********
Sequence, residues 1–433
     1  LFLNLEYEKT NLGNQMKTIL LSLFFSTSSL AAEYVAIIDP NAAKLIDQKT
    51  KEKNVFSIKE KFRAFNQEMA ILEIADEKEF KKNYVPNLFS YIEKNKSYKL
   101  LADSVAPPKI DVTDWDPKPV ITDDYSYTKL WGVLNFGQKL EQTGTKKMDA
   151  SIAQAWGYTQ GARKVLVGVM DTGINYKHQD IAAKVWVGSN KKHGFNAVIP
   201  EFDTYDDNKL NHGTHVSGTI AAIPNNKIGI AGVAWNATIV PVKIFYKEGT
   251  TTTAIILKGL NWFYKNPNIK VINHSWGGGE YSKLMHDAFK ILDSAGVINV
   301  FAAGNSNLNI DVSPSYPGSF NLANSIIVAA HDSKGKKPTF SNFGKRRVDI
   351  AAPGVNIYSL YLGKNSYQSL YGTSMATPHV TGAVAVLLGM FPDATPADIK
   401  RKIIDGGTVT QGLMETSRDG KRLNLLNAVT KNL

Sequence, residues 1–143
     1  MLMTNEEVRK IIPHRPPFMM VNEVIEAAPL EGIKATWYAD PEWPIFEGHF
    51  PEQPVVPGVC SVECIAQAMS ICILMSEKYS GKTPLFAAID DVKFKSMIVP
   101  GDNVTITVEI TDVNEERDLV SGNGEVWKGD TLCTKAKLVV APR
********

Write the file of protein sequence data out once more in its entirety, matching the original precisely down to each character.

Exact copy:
Sequence, residues 1–433
     1  LFLNLEYEKT NLGNQMKTIL LSLFFSTSSL AAEYVAIIDP NAAKLIDQKT
    51  KEKNVFSIKE KFRAFNQEMA ILEIADEKEF KKNYVPNLFS YIEKNKSYKL
   101  LADSVAPPKI DVTDWDPKPV ITDDYSYTKL WGVLNFGQKL EQTGTKKMDA
   151  SIAQAWGYTQ GARKVLVGVM DTGINYKHQD IAAKVWVGSN KKHGFNAVIP
   201  EFDTYDDNKL NHGTHVSGTI AAIPNNKIGI AGVAWNATIV PVKIFYKEGT
   251  TTTAIILKGL NWFYKNPNIK VINHSWGGGE YSKLMHDAFK ILDSAGVINV
   301  FAAGNSNLNI DVSPSYPGSF NLANSIIVAA HDSKGKKPTF SNFGKRRVDI
   351  AAPGVNIYSL YLGKNSYQSL YGTSMATPHV TGAVAVLLGM FPDATPADIK
   401  RKIIDGGTVT QGLMETSRDG KRLNLLNAVT KNL

Sequence, residues 1–143
     1  MLMTNEEVRK IIPHRPPFMM VNEVIEAAPL EGIKATWYAD PEWPIFEGHF
    51  PEQPVVPGVC SVECIAQAMS ICILMSEKYS GKTPLFAAID DVKFKSMIVP
   101  GDNVTITVEI TDVNEERDLV SGNGEVWKGD TLCTKAKLVV APR